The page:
Recovering physically but mind-ready, Esteban takes first steps to Paris 2024
Sometime in 2018, Maxine Esteban endured a 36-hour trip to South America to compete in the Junior World Cup in Guatemala.
Once she got to the venue, she performed what has become a ritual for her—searching out the Philippine flag.
“I don’t know, I just have this habit of checking out our flag each time I am in a tournament,” Esteban said. “I think it’s the sense of pride or maybe it is a sight of relief from being too far away from home.”
It’s not just a cursory check. She inspects how the flag is hung: “We were taught in school that when hung horizontally, the blue should be on top. When hung vertically, the red should be on the right side.”
Noticing the flag’s absence in the tournament venue, she told organizers about it. The following day, Esteban said she was happy that organizers “produced our flag and had hung it quite perfectly.” Lucky for the tournament, too, as Esteban finished on the podium and it would have been a diplomatic snafu had she received her medal without the flag behind her.
Esteban hopes to perform that routine—and more—in Paris, during the 2024 Olympics.
“That has always been my dream,” she said of representing in the Summer Games.
But the journey is long and arduous and to kick it off, the country’s top-ranked fencer globally will embark on a backbreaking journey that will feature as many as 15 tournaments all over Europe in the first half of 2023. And she will do so coming off an injury that sidelined her for the latter part of 2022.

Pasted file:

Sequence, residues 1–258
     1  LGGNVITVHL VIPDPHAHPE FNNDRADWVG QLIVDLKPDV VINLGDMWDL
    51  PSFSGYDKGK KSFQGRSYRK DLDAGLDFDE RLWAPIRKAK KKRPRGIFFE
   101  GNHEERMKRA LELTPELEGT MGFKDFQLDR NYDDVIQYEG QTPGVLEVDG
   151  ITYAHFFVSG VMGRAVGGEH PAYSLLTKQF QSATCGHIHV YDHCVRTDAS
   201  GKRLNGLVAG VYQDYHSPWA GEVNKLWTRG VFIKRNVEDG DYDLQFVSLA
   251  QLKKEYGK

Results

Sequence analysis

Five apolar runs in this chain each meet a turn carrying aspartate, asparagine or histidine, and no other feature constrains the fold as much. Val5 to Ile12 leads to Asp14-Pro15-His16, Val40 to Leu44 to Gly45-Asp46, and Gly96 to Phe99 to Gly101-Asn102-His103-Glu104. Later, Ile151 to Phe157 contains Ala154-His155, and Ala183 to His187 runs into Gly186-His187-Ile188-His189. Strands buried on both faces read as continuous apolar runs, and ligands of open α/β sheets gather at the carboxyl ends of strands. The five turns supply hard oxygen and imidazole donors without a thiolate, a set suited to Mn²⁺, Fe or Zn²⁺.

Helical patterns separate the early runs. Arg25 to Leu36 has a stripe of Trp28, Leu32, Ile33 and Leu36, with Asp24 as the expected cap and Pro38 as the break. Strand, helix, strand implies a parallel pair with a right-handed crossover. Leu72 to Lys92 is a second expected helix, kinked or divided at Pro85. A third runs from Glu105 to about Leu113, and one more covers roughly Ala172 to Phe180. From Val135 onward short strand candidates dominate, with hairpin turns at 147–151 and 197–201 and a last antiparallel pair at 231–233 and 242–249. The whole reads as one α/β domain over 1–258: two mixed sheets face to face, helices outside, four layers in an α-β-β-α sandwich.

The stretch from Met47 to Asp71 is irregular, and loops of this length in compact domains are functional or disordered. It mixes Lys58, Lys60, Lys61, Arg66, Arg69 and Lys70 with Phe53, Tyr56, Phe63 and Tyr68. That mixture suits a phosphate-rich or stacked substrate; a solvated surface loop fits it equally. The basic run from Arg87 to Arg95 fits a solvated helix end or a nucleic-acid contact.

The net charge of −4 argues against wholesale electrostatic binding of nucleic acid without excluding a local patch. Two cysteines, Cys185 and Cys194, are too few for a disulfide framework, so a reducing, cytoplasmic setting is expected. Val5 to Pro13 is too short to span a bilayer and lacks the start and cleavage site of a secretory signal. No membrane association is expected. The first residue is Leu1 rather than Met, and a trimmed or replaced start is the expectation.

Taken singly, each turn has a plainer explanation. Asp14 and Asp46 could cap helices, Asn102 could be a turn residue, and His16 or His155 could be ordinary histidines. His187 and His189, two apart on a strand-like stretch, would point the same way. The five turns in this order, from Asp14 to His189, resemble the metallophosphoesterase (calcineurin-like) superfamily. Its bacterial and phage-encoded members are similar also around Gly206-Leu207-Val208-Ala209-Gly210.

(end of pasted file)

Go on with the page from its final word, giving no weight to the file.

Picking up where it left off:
Esteban began that journey by flying to Italy on Wednesday to prepare for her first event, the World Cup in Paris that will start on Jan. 12.
“My main goal for participating in this tournament is for me to get a feel of the action again,” said Esteban, who is being mentored by Andrea Magro—who guided fencing legend Valentina Vezzali of Italy, owner of six Olympic gold medals. “Since I am not yet past the ‘safe’ period, I know that mentally, I will be making controlled movements making sure that I do not make any sudden careless movements.”
Esteban, who tore her left anterior cruciate ligament while representing the country in the World Championships in Egypt in July last year, has spent the last five months of 2022 undergoing a tough rehabilitation process in an attempt to shorten the time it normally takes for athletes to recuperate from such an injury.
“I wanted to be back as soon as I can, plus time is of the essence since the Olympic qualifiers are just around the corner. I need to be ready by then,” she said.
And while her knee is close to good as new, she understands that she needs to be in the perfect mind space as she makes a run for an Olympic berth.
“Mentally, I am raring to go,” she said. “I have been sidelined far too long—in my opinion—and I would love to be doing what I love the most.”
“The most important thing that I want to achieve from this tournament is to cancel out the psychological and mental ‘fear’ that athletes have after returning to sports,” Esteban added. “I want to fence without thinking about my newly reconstructed ligament, but at the same time, I want to fence moderately.”
After the World Cup, she will be participating in another tournament in France before flying to Italy to resume her training and compete in the 2023 Grand Prix in Turin.
“I am hoping to be able to regain my pre-injury form by this time,” she said.
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